Travel Counselor

Use technical know-how and experience to find the best travel deals around.

Quick Stats

Salary Range
$20,000 – $51,000

Data from U.S. Department of Labor

What do Travel Counselors do?

A Travel Counselor is a lot like a Travel Agent. In some cases, they mean the same thing, but Travel Counselor is used in lieu of Travel Agent to make the position sound more specialized.

However, other organizations have a stricter definition. They use the title of Travel Counselor to refer to someone who has worked in the travel industry for a minimum of five years, and has obtained special training in reservations systems, such as SABRE.

No matter how you earn the title though, your job responsibilities are the same: 1) Exceed the expectations of the customer, and 2) Provide knowledgeable, accurate, and timely travel information. A sincere love for travel is a definite advantage in this job. After all, when a client asks for advice about a particular country, city, or resort, you better know your stuff.

Sometimes, you do nothing more than give the customer information about a travel destination. You hand out brochures, recommend hotels, condos, or resorts in the area, relay your knowledge about customs, events, restaurants, and activities, and answer questions.

You might work with an individual or group, and might be charged with making hotel, rental car, and flight reservations for a few days or a few weeks. So you ask questions about what the customer enjoys doing, what goals they have for the trip, how much they are willing to spend, and how long they wish to travel. Then you use your vast knowledge not only to make the reservations, but also to build a once-in-a-lifetime experience.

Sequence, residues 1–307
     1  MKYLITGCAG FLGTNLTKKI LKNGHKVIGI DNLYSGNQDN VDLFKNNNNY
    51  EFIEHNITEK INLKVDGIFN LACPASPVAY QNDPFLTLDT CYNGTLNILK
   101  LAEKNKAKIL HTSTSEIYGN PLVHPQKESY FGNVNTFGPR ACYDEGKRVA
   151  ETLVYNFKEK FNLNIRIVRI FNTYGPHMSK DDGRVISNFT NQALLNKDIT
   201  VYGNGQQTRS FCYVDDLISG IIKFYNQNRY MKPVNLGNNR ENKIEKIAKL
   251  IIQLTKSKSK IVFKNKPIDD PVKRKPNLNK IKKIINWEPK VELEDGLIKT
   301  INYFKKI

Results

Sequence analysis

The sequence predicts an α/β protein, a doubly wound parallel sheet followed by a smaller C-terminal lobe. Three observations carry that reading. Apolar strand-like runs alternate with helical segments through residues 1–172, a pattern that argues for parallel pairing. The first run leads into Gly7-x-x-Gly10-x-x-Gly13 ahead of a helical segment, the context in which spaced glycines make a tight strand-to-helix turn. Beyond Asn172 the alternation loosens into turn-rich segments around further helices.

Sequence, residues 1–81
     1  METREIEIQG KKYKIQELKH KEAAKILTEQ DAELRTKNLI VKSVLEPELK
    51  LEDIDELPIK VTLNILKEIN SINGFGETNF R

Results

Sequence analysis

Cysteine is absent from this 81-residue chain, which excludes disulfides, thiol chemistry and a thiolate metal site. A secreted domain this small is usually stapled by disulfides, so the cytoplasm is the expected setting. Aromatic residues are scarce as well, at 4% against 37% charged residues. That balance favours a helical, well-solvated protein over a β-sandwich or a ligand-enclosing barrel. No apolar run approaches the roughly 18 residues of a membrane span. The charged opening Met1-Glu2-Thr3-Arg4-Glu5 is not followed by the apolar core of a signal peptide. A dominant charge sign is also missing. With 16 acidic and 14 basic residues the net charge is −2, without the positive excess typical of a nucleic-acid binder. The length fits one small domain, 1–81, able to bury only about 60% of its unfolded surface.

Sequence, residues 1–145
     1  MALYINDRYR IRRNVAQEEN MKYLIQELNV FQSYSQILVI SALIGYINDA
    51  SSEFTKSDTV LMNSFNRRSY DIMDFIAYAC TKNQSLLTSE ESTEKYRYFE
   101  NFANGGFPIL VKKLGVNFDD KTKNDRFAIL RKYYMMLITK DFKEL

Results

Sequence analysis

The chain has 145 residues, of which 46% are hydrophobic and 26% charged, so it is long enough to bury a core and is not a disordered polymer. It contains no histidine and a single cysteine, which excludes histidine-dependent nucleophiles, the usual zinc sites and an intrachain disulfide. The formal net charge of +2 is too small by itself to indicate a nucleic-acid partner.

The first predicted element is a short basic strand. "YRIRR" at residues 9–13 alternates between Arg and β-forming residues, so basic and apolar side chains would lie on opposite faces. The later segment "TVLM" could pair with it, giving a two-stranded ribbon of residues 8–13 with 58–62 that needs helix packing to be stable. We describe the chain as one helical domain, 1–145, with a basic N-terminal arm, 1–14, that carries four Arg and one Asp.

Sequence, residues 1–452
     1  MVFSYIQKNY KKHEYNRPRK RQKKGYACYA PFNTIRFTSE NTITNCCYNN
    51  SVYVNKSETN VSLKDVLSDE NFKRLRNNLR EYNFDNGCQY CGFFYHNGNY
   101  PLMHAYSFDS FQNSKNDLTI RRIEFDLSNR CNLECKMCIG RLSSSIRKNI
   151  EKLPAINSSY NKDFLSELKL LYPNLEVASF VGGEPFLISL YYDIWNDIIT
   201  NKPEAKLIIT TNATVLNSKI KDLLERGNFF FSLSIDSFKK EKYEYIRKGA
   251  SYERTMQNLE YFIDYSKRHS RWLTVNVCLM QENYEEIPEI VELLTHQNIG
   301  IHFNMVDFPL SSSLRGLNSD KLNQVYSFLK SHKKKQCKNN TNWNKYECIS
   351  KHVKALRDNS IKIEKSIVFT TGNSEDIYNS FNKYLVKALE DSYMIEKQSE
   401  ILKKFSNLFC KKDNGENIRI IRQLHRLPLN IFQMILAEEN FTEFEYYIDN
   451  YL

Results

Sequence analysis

Should I be a Travel Counselor?

You should have a high school degree or higher and share these traits:
  • Trustworthy: You are known for your personal integrity and honesty.
  • Independent: You enjoy flying solo and doing things your own way.
  • Team Player: You're able to listen, communicate, and work with tons of different people.

  • Also known as: Auto Travel Counselor, Certified Corporate Travel Executive, Certified Travel Counselor, Corporate Travel Expert See More

    How to become a Travel Counselor

    Most Travel Counselors have a Certificate or no higher education and get on-the-job training. Think about earning a Certificate or Bachelor's degree to increase your competitiveness in the field. Chart?chd=s:98acaa&chl=no+college+%2849%25%29|certificate+%2848%25%29||bachelor%27s+%282%25%29||&cht=p3&chs=466x180&chxr=0,49,49
    Schools close to

    You May Also Like